Clearly, Snapchat is doing something right to gain and keep market attention.
Creating a Unique IP for Advertising
Advertising is always looking for new and exciting ways to get products to the right customers. When the Internet first started, Google did something revolutionary. It created a new type of advertising: people who were looking to make purchases, were feed ads.
Facebook’s advertising is a juggernaut in the social media world. It also has revolutionized how advertisers approach business. Instead of having a high intent to buy, Facebook looks at all the likes and dislikes of a person and feeds ads based on preferences. People now buy products they didn’t even know they wanted because some smart marketer targeted them with the perfect product.
Snapchat has the making of the next revolutionary advertising platform. Snapchat can read objects in videos and determine what they are. This means that if you snap yourself drinking a Starbucks beverage, Snapchat can read the logo. Subsequently, they’ll serve Starbucks ads to you because it’s obvious that you have an interest in Starbucks.
This creates a new and interesting opportunity for advertisers to generate relevant, targeted ads to the millennial and teen demographics. Traditionally millennials have not responded well to advertising. I believe Millennials will be open to ads on Snapchat and native ads on other social medias.
Native Guerrilla Marketing
Snapchat’s number one growth mechanism for users goes by many names. Snapcode, QR code, “Boo-R” code… or whatever you call it — this feature is amazing. Your Snapcode is a user-specific, unique QR code that will find a user and add them, if scanned in Snapchat.
This is what a Snapcode looks like:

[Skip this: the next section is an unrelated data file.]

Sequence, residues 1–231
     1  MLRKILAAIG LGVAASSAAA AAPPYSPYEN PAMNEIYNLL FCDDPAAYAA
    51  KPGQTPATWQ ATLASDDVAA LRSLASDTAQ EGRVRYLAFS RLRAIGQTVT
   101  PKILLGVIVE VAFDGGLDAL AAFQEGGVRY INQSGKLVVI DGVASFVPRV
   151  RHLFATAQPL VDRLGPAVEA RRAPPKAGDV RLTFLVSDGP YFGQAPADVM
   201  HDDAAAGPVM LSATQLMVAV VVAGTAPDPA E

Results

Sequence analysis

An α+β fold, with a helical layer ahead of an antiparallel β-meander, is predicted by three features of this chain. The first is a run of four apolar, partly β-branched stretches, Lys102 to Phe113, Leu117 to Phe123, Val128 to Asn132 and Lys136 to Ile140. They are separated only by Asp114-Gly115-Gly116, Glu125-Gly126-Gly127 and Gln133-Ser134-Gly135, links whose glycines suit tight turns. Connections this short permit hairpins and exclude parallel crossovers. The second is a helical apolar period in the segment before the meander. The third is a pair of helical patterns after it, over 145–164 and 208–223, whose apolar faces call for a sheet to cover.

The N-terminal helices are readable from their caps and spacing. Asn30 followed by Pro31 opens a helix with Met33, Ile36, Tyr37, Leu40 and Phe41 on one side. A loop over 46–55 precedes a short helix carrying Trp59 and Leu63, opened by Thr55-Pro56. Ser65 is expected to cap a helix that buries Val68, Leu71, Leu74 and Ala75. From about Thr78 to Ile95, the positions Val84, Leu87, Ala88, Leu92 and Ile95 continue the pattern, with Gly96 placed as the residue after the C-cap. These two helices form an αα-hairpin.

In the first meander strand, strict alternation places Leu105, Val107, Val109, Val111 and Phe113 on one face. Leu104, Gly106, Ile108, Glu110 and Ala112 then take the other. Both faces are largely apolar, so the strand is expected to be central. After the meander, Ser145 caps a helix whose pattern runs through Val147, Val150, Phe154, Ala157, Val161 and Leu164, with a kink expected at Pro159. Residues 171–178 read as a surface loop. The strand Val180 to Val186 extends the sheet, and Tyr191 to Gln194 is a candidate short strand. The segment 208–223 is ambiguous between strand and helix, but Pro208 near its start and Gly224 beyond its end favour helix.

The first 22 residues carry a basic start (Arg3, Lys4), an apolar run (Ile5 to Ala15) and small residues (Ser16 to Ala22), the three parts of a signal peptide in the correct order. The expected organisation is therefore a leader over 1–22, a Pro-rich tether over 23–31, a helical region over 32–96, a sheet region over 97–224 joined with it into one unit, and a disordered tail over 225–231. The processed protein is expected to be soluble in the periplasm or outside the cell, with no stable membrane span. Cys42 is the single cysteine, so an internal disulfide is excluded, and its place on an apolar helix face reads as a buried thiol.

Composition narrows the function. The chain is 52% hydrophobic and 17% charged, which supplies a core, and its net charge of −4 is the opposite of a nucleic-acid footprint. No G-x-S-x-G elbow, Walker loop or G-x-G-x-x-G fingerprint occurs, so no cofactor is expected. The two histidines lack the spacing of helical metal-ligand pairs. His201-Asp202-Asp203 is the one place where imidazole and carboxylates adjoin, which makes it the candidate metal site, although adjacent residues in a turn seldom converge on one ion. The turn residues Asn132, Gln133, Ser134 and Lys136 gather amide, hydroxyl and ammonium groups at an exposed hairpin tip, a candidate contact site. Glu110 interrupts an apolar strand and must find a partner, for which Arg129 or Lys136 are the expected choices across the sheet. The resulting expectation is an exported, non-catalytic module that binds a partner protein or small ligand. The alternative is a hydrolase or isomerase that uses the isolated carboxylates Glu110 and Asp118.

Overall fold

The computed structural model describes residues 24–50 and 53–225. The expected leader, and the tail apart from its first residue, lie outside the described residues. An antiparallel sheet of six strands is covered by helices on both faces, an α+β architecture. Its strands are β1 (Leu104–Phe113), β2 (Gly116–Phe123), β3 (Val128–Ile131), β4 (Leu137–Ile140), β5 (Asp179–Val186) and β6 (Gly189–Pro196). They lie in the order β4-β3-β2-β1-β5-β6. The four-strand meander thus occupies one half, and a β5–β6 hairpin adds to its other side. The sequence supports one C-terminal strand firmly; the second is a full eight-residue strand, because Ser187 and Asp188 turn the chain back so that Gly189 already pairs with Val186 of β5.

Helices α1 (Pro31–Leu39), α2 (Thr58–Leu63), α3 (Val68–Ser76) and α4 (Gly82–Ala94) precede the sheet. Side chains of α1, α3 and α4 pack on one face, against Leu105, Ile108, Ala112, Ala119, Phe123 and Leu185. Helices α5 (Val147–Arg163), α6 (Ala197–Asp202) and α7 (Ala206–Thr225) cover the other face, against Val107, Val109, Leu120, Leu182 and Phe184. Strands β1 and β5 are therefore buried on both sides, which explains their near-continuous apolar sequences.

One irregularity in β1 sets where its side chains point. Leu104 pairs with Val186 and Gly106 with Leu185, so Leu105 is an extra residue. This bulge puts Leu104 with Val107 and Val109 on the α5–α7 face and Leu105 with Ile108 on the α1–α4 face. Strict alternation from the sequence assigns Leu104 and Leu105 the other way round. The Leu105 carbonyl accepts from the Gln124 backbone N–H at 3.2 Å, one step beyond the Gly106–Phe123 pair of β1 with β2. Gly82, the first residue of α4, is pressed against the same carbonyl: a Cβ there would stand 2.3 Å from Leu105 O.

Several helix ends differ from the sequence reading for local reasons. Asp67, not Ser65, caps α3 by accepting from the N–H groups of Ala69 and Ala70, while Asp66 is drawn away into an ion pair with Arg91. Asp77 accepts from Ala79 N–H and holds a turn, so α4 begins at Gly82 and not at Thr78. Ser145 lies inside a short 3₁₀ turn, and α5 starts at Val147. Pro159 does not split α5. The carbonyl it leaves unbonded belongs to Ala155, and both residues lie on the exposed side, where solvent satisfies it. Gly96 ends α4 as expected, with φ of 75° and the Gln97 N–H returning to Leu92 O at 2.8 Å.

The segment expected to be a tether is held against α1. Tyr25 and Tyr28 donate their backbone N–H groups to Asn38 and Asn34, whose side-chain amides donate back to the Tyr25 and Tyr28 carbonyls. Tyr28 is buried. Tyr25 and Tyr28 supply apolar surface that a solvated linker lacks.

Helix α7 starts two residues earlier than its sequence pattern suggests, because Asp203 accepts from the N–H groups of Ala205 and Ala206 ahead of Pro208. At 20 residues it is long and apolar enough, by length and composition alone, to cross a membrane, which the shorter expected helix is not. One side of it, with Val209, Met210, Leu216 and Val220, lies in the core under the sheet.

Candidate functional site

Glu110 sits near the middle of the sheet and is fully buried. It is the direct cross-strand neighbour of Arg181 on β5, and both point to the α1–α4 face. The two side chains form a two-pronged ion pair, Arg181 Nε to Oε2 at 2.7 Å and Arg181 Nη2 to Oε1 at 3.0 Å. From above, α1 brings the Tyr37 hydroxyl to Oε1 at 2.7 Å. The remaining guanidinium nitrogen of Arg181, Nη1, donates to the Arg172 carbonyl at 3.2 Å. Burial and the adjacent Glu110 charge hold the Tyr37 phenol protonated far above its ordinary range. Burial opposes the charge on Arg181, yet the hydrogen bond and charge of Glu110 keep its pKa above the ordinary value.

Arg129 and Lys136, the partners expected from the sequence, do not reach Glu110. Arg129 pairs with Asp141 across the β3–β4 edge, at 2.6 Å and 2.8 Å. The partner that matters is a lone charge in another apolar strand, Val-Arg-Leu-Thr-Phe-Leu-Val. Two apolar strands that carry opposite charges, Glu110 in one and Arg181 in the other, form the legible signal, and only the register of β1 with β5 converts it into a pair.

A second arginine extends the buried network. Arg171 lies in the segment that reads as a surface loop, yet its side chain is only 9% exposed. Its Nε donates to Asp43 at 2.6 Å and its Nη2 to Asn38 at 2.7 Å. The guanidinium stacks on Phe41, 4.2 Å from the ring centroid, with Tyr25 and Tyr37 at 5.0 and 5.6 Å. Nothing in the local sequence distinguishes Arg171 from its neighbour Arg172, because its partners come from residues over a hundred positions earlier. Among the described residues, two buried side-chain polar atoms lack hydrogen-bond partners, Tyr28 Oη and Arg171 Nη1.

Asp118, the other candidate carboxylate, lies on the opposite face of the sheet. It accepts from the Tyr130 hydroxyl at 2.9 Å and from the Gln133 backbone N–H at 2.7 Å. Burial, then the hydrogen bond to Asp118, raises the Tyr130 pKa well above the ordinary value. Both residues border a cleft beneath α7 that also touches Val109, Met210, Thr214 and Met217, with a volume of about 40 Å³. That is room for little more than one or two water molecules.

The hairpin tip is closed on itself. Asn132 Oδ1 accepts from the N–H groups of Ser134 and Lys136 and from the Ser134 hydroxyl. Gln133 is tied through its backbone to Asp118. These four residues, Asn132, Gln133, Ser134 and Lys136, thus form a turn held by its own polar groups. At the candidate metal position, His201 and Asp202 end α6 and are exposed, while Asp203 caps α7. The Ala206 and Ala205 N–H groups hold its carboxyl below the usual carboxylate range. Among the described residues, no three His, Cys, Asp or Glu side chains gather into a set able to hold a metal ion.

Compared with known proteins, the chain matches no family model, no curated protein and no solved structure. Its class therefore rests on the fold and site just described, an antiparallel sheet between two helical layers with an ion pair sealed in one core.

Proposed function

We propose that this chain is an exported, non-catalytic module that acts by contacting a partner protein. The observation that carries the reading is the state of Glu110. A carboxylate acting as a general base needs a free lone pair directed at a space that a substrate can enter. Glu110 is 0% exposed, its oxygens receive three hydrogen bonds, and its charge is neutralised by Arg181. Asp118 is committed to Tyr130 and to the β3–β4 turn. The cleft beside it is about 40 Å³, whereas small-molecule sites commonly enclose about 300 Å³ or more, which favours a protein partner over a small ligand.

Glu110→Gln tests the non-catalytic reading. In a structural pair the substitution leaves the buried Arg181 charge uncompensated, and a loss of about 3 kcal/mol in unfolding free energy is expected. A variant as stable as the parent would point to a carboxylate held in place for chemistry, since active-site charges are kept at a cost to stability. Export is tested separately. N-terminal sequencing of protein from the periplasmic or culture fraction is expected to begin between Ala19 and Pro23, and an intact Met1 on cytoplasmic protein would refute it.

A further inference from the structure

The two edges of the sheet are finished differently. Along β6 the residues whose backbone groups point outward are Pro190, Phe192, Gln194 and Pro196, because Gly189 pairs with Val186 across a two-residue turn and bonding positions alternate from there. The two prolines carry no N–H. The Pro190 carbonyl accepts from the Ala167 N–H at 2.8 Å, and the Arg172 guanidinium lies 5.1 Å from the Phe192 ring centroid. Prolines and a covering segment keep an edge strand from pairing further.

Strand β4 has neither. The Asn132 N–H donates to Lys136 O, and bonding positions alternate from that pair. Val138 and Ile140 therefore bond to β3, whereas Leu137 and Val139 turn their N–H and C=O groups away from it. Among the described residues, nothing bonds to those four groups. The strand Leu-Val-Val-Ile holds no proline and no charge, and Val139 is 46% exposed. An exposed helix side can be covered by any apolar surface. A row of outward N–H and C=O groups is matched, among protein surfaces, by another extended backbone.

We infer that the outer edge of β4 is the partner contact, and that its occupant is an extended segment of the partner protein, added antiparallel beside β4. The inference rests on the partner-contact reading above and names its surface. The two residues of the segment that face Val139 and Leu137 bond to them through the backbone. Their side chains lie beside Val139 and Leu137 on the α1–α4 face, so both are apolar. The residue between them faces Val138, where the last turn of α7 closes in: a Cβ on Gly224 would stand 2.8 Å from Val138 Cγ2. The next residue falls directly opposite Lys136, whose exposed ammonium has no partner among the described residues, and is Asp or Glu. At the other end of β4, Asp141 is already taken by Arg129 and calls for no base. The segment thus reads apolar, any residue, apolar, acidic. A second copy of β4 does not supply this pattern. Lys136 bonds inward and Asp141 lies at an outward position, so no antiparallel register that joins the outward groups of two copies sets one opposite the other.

- Grab your phone and take a photo of this code.
- Open Snapchat and tap add friends
- Click on Add by Snapcode and tap the photo of this code
Snapchat has been the only company to successfully utilize QR codes en mass. This feature has been recreated by Facebook but the market hasn’t responded in the same way. Snapchat doesn’t have an in-app discovery mechanism. This has led smart marketers to move into guerilla marketing campaigns for Snapchat.
Those smart marketers have taken their Snapcode and created stickers, customized buttons, USB drives and many more things. The goal is to slap those hand outs all around high traffic areas to generate more followers. Millennials that ee random Snapchat stickers on the street, tend to add the person and finding a new friend to follow.
Instagram will never have this sorts of guerilla marketing because they natively have amazing discovery built into the app.
Facebook and Instagram are established. Zuckerberg is by far one of the most brilliant entrepreneurs and marketers of our generation and I do not underestimate him in the least bit. That being said, Evan Spiegel is a very smart rebel. He is building an alternative to Facebook and people are looking for it. Spiegel is also the “underdog”… ok an underdog with a $20 billion valuation.